Week 11 Concrete Online class (5 hr)  
Week 12 Concrete Online class (5 hr)  
Week 13 Concrete Online class (5 hr)  

Study commitment

Typically, there is a minimum expectation of 1.5-2 hours of student effort per week per credit point for units of study offered over a full semester. For a 6 credit point unit, this equates to roughly 120-150 hours of student effort in total.

Learning outcomes are what students know, understand and are able to do on completion of a unit of study. They are aligned with the University’s graduate qualities and are assessed as part of the curriculum.

At the completion of this unit, you should be able to:

  • LO1. design a presentation using powerpoint and write a lab report
  • LO2. select the correct material for an application and appreciate the repercussions of an incorrect selection
  • LO3. comprehend the relations between the structure of materials and their mechanical properties
  • LO4. apply basic materials concepts relative to materials structures
  • LO5. describe and utilise mechanical concepts such as stress, strain, elasticity, plasticity, fracture, fatigue and creep that will be used in other units of study in Civil Engineering.
  • LO6. become familiar with microscopy concepts related to materials engineering

Graduate qualities

The graduate qualities are the qualities and skills that all University of Sydney graduates must demonstrate on successful completion of an award course. As a future Sydney graduate, the set of qualities have been designed to equip you for the contemporary world.

GQ1 Depth of disciplinary expertise

Deep disciplinary expertise is the ability to integrate and rigorously apply knowledge, understanding and skills of a recognised discipline defined by scholarly activity, as well as familiarity with evolving practice of the discipline.

GQ2 Critical thinking and problem solving

Critical thinking and problem solving are the questioning of ideas, evidence and assumptions in order to propose and evaluate hypotheses or alternative arguments before formulating a conclusion or a solution to an identified problem.

GQ3 Oral and written communication

Effective communication, in both oral and written form, is the clear exchange of meaning in a manner that is appropriate to audience and context.

GQ4 Information and digital literacy

Information and digital literacy is the ability to locate, interpret, evaluate, manage, adapt, integrate, create and convey information using appropriate resources, tools and strategies.

GQ5 Inventiveness

Generating novel ideas and solutions.

GQ6 Cultural competence

Cultural Competence is the ability to actively, ethically, respectfully, and successfully engage across and between cultures. In the Australian context, this includes and celebrates Aboriginal and Torres Strait Islander cultures, knowledge systems, and a mature understanding of contemporary issues.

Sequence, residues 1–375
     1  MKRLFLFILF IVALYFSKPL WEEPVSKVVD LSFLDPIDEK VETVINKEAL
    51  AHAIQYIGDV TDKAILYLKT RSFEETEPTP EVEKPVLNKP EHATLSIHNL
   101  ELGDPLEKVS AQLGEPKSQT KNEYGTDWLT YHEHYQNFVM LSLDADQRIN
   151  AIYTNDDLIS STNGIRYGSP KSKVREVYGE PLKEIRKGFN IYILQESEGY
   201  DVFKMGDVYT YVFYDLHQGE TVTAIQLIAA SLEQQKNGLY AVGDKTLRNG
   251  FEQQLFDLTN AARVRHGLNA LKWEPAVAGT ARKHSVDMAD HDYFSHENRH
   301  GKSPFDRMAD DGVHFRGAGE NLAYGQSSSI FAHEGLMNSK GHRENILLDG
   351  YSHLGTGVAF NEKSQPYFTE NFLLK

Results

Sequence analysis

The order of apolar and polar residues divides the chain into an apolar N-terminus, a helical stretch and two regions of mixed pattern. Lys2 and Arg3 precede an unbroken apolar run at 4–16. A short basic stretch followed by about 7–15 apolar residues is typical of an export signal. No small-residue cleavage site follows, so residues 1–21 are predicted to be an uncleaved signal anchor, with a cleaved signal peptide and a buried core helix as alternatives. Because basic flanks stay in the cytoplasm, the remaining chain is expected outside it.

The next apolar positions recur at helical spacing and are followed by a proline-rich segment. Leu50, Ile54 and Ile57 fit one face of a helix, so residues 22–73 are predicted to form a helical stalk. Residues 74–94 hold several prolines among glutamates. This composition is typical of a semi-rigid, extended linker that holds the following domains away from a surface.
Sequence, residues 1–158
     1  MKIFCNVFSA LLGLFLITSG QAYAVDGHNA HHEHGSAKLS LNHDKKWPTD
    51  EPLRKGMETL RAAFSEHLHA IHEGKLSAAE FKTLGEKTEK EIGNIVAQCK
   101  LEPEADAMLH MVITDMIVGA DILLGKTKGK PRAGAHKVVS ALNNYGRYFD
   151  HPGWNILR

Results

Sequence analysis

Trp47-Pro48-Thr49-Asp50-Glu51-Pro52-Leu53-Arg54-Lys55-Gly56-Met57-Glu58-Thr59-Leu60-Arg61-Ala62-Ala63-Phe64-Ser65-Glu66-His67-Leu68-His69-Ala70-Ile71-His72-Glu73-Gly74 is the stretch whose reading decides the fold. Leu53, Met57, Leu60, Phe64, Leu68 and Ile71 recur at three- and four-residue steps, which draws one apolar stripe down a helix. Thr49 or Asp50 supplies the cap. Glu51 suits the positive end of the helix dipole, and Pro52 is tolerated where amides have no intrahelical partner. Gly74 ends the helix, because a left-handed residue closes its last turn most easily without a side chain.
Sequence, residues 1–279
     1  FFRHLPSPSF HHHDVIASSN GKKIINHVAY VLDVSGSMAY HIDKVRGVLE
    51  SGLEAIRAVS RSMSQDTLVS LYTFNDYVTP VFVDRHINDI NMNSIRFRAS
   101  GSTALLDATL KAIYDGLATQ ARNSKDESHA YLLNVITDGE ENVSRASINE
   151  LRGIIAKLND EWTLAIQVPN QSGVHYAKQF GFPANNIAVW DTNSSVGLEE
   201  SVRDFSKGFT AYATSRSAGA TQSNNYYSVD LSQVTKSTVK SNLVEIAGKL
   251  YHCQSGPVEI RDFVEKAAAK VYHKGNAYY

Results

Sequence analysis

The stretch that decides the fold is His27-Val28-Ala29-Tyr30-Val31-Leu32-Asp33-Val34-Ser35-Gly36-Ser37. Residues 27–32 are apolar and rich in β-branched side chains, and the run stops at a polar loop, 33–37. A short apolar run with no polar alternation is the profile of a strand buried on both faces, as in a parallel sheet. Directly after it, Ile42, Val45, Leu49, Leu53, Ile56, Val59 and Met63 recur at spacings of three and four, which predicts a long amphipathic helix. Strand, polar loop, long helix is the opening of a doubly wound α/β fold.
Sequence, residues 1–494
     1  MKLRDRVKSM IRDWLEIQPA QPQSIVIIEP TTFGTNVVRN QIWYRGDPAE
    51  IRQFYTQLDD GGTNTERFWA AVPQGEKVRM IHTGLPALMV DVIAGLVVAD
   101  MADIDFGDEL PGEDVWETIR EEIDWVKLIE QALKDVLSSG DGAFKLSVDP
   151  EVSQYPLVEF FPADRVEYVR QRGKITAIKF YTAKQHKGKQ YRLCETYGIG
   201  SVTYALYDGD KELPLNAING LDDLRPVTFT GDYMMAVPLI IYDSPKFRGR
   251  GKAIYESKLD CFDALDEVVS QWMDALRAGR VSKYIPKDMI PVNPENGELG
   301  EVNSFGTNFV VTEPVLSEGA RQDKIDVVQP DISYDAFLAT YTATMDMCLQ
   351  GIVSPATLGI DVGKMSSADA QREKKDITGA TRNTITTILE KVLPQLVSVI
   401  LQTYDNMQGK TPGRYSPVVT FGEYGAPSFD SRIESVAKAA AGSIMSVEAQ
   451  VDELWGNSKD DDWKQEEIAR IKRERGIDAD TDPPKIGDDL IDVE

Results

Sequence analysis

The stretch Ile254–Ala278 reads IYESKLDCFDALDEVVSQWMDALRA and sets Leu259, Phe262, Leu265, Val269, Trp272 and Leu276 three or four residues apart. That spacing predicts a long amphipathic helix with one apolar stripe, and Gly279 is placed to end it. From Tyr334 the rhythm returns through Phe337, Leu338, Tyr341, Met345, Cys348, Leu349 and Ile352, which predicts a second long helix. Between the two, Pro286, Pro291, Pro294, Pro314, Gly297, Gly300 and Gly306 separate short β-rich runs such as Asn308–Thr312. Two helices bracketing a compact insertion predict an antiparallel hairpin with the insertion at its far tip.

GQ7 Interdisciplinary effectiveness

Interdisciplinary effectiveness is the integration and synthesis of multiple viewpoints and practices, working effectively across disciplinary boundaries.

GQ8 Integrated professional, ethical, and personal identity

An integrated professional, ethical and personal identity is understanding the interaction between one’s personal and professional selves in an ethical context.

GQ9 Influence

Engaging others in a process, idea or vision.

Outcome map

Learning outcomes Graduate qualities
GQ1 GQ2 GQ3 GQ4 GQ5 GQ6 GQ7 GQ8 GQ9

Alignment with Competency standards

Outcomes Competency standards
LO1
Engineers Australia Curriculum Performance Indicators - EAPI
3.1. An ability to communicate with the engineering team and the community at large.
5.9. Skills in documenting results, analysing credibility of outcomes, critical reflection, developing robust conclusions, reporting outcomes.
LO2
Engineers Australia Curriculum Performance Indicators - EAPI
2.1. Appropriate range and depth of learning in the technical domains comprising the field of practice informed by national and international benchmarks.
LO3
Engineers Australia Curriculum Performance Indicators - EAPI
1.1. Developing underpinning capabilities in mathematics, physical, life and information sciences and engineering sciences, as appropriate to the designated field of practice.
2.2. Application of enabling skills and knowledge to problem solution in these technical domains.
LO4
Engineers Australia Curriculum Performance Indicators - EAPI
1.1. Developing underpinning capabilities in mathematics, physical, life and information sciences and engineering sciences, as appropriate to the designated field of practice.
1.2. Tackling technically challenging problems from first principles.
LO5
Engineers Australia Curriculum Performance Indicators - EAPI
1.1. Developing underpinning capabilities in mathematics, physical, life and information sciences and engineering sciences, as appropriate to the designated field of practice.
2.1. Appropriate range and depth of learning in the technical domains comprising the field of practice informed by national and international benchmarks.
2.2. Application of enabling skills and knowledge to problem solution in these technical domains.
LO6
Engineers Australia Curriculum Performance Indicators - EAPI
1.1. Developing underpinning capabilities in mathematics, physical, life and information sciences and engineering sciences, as appropriate to the designated field of practice.
5.1. An appreciation of the scientific method, the need for rigour and a sound theoretical basis.
I created a new assessment to diversify the way the students are assessed and to give them the opportunity to give some independent learning.

Disclaimer